The small number studies on intermittent fasting all seem to draw the same conclusion: fasting and continuous diets (a regular old calorie restricted diet), have almost identical outcomes. That is, whether you fast or practice calorie restriction, you will likely lose some weight, and improve your metabolic profile. Unfortunately, many times these gains are reversed when you either stop fasting or stop dieting.

Intermittent fasting seemed liked it might have some utility for the control of type 2 diabetes. It turns out that when subject to randomized control trials (considered the gold standard when researching the impact of a health treatment), the only diets that showed promise with the management of diabetes were vegan, vegetarian, or the Mediterranean diet.[1] Intermittent fasting was not effective in the management of diabetes and, not surprisingly, researchers have found that fasting increases the rate of hypoglycemia.[2]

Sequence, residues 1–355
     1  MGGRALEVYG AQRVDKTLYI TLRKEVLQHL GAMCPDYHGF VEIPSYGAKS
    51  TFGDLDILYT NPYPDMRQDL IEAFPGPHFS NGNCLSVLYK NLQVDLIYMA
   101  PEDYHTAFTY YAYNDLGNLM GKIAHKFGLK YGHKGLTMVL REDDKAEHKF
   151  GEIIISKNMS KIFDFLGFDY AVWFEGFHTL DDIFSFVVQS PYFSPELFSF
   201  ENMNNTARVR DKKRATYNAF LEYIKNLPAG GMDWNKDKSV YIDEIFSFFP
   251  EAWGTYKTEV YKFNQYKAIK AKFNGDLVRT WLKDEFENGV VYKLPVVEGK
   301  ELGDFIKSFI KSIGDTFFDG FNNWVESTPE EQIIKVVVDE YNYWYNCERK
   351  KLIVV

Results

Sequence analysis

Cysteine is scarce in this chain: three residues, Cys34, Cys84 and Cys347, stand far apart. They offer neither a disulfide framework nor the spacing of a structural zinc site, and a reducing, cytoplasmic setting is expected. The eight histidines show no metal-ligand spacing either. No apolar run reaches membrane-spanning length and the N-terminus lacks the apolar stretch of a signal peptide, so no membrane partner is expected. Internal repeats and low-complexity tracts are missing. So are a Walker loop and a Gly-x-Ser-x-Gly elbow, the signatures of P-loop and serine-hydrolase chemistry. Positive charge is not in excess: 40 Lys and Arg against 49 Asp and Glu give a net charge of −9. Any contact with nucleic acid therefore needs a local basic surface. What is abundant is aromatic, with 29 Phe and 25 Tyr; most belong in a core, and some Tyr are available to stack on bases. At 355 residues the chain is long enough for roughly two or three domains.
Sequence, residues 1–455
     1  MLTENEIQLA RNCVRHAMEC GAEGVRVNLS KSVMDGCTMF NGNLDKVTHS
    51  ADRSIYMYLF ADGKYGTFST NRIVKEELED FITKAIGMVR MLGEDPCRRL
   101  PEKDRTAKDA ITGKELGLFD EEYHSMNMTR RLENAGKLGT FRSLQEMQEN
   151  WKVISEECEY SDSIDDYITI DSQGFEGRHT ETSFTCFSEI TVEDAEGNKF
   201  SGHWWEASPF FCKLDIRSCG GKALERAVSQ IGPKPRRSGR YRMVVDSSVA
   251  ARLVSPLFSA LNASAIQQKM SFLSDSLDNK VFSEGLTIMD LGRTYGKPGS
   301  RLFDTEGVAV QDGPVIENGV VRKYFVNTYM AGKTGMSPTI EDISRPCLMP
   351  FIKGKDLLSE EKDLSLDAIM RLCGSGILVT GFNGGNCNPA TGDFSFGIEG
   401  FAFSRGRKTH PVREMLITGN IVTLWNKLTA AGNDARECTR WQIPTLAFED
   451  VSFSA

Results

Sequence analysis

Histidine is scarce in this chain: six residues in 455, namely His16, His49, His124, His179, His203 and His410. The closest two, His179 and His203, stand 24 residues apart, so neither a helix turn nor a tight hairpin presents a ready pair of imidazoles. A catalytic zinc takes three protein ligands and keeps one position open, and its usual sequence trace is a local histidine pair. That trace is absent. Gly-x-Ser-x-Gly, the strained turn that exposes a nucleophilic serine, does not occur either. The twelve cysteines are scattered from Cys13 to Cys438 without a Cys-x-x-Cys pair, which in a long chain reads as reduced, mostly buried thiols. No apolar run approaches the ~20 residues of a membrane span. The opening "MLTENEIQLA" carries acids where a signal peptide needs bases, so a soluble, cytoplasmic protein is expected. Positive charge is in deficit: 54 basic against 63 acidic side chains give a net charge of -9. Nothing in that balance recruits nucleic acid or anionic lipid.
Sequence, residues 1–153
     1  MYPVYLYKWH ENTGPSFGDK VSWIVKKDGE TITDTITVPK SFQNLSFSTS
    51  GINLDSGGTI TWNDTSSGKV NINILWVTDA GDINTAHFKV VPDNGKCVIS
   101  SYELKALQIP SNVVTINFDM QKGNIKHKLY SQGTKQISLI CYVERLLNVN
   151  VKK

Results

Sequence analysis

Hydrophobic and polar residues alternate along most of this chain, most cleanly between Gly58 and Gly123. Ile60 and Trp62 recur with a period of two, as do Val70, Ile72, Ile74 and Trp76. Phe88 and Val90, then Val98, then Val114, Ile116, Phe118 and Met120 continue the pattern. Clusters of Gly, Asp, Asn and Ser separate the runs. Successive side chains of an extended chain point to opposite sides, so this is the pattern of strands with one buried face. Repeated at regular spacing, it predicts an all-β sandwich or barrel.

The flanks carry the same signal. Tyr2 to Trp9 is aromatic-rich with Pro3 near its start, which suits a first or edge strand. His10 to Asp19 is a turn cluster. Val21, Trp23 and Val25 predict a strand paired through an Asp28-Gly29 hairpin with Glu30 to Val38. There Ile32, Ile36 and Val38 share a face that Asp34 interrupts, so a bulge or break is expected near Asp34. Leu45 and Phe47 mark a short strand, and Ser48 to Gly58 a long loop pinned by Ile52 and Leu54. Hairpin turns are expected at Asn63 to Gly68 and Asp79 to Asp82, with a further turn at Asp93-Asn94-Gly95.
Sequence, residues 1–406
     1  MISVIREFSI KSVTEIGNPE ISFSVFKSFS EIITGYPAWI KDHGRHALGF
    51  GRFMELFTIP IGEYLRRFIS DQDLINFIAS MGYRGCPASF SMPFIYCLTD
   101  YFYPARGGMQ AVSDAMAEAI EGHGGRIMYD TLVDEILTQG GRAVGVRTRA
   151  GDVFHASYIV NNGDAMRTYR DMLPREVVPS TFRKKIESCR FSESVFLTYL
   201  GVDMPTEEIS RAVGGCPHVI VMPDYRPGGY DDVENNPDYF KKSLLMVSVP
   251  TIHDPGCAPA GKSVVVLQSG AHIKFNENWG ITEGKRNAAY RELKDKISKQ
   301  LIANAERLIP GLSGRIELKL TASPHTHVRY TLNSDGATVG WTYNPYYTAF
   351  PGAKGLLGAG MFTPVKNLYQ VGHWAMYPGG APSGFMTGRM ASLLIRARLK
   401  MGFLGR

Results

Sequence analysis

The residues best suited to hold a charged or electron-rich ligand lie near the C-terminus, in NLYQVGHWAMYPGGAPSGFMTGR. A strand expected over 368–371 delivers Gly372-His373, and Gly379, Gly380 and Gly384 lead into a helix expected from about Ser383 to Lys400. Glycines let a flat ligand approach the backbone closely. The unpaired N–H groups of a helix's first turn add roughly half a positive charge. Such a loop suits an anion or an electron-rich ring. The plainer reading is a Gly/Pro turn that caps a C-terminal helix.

The solution

So, let’s circle back to what you can do that doesn’t include starving or restriction. My suggestion for those trying to improve their overall eating habits are these tried and true strategies that I mentioned way back in November. Here’s a recap:

  1. Forget the diet trends and just re-engage with your food. What if the only goal was to enjoy every bite? I for one, am up to that challenge.
  2. Make your plate less of a science project and more of a pleasure. Yes, a pleasure! Look to countries in the developed world with lower rates of obesity – having the best quality, nicest looking food is a serious pursuit.

Your food is not carbs, fat, and proteins. It is an experience, it connects you with family, and it brings friends together. Let’s end the love-hate relationship and start really enjoying our food again. This leads me to my next point…

  1. Focus on how you are eating rather than just what you are eating. How many meals, coffees, and other drinks do you consume while on your phone, standing, walking, sitting in front of a TV, reading a paper, or driving a car?